Giuseppe Cellini was born in Rome in 1855. He trained at the Institute of Fine Arts in 1873, then moved on to courses in applied drawing at the Museo Artistico Industriale, where he graduated in 1880. He fitted in perfectly with the cultural climate of Symbolist Rome, frequenting the “Cronaca Bizantina” magazine from the outset.
Between Symbolism and Art Nouveau in Rome
Thanks to his contact with Prince Baldassarre Odescalchi, he began to participate in social and cultural salons, meeting Gabriele D’Annunzio in 1882, becoming his friend and collaborator. In the same year, at the International Artistic Association, he met Nino Costa who introduced him to the Etruscan School and Pre-Raphaelite symbolism. In 1885, again as part of the Etruscan School, he took part in the exhibition of the Amateurs and Connoisseurs of Fine Arts, with a series of evocative watercolours in which the landscape takes on a mystical and emotional value: Inside Rome, Towards evening, Parioli and San Domenico.
By this time, fully linked to the Symbolist artistic milieu of the capital, in 1886 he participated in the foundation, together with Nino Costa, of the association In Arte Libertas, an offshoot of the Scuola Etrusca. The first exhibition was organised at the Giorgi Studio in Via San Nicola da Tolentino and featured all the artists who took part in the Caffè Greco meetings with Angelo Conti, the Doctor Misticus. Cellini, clearly oriented towards the Pre-Raphaelite part of In Arte Libertas and akin to the tendencies of European aestheticism, had published the important article For Beauty in 1884 in Cronaca Bizantina, which passed under the direction of D’Annunzio.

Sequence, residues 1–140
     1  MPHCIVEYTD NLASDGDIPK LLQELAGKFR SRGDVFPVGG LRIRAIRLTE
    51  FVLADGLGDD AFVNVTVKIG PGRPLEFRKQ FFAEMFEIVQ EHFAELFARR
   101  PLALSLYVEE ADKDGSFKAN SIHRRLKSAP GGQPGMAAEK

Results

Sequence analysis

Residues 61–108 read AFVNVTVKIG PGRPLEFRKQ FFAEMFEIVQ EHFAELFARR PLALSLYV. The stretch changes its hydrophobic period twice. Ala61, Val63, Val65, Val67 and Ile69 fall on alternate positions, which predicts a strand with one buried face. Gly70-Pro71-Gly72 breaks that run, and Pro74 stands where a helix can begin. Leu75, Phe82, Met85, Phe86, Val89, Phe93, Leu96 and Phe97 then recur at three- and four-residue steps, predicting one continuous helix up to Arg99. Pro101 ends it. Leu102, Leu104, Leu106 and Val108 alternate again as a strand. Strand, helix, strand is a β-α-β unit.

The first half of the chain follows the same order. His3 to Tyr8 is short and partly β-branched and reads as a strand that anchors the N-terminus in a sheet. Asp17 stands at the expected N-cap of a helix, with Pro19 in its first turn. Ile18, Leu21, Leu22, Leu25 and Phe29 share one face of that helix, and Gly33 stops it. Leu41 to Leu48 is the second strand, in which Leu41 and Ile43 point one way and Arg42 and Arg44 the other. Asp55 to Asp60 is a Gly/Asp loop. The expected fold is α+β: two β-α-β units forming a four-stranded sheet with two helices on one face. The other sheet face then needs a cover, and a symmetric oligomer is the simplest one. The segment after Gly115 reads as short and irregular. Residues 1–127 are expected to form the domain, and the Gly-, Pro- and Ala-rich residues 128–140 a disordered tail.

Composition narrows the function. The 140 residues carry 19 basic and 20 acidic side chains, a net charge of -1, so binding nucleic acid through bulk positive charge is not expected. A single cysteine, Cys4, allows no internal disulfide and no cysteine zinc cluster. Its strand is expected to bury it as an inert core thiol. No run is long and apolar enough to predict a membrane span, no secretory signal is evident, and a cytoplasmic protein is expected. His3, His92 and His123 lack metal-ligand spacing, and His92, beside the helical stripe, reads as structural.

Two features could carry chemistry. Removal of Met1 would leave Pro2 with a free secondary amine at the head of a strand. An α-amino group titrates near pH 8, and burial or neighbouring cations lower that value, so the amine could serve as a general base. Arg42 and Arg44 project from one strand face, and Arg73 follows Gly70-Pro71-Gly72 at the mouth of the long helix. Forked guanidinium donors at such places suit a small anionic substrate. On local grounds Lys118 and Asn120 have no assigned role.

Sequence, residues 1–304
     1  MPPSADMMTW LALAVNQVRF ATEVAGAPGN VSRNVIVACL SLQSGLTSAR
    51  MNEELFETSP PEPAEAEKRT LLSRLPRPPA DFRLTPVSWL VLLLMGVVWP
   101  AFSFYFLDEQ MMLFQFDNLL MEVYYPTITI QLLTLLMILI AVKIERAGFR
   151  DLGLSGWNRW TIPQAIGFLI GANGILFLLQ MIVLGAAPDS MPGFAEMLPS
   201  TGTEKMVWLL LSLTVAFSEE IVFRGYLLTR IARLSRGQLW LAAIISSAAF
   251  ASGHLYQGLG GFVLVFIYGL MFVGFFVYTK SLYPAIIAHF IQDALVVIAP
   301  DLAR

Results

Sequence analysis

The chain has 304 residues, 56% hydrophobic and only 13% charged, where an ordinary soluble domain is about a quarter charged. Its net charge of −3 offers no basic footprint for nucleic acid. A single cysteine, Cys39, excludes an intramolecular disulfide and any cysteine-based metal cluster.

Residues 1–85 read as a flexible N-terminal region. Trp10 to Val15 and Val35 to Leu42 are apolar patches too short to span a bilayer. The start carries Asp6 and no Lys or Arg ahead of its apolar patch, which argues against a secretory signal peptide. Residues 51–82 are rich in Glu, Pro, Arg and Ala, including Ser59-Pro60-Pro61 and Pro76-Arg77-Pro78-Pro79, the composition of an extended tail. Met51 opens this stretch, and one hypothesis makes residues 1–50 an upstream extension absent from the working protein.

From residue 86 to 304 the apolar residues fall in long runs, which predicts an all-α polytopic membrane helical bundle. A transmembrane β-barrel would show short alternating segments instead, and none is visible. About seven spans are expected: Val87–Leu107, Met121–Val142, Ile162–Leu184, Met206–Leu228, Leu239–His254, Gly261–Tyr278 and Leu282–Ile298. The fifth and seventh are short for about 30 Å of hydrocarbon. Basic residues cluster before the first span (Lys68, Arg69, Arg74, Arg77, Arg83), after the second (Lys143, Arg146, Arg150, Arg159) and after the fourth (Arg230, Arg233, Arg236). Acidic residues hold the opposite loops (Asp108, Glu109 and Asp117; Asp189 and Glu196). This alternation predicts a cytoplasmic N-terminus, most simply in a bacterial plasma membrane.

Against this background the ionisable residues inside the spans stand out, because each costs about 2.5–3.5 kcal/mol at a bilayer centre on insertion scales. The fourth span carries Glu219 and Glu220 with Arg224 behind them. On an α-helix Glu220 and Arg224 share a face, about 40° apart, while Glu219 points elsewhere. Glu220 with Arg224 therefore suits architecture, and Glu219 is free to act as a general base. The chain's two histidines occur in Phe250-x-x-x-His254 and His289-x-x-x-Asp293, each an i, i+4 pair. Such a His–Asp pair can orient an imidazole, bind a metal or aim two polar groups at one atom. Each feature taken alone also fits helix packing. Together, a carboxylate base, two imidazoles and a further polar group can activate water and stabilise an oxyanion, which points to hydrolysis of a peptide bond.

The decorations in the Sciarra Gallery
Shortly afterwards, he was commissioned by D’Annunzio to design the cover of the periodical: he created the Three Graces, whose clothing is an obvious reference to the Theodora of the Byzantine mosaics in Ravenna. And again in 1886, he participated with other artists in the illustrations for the Editio picta of D’Annunzio’s Isaotta Guttadauro. Two years later, he was commissioned by Maffeo Sciarra to decorate the offices of “Cronaca Bizantina” in Palazzo Sciarra.
A set of female rituals, on a Pompeian red background, summarising the virtues of the bourgeois woman of the late 19th century. An evocative, Art Nouveau language emerges from this refined and unprecedented decoration. In 1889 and until 1892 he moved to Portugal to teach at the School of Fine Arts in Lisbon and the School of Applied Arts in Oporto. After brief stays in Modena and Naples, he returned to Rome in 1894. In 1896 he exhibited Autumn Vespers in Naples and in the meantime worked as a graphic designer and scholar on De Bosis’ magazine “Il Convivio”.
He never stopped working on decoration: in 1897 he was responsible for the decorations, furnishings and installation of the art collection at Villa Anziani in Batteria Nomentana. He collaborated again with D’Annunzio as illustrator of Francesca da Rimini, the Laudi and Forse che sì forse che no.
His intense pictorial work continued throughout the early 20th century, and in 1901 he took part in the first Venice Biennale with On the Nomentana. The year before he had joined the XXV della Campagna Romana group, contributing to the movement with a series of idyllic views and landscapes rich in Symbolist elements.
He was appointed an Academician of San Luca in 1906 and was admitted to the Virtuosi del Pantheon in 1925. He then decorated the reading room of the Casanatense Library and the dome of the Church of Santa Rosa in Viterbo with The Mystic Lamb. He painted and exhibited until the 1920s. He died in Rome in 1940.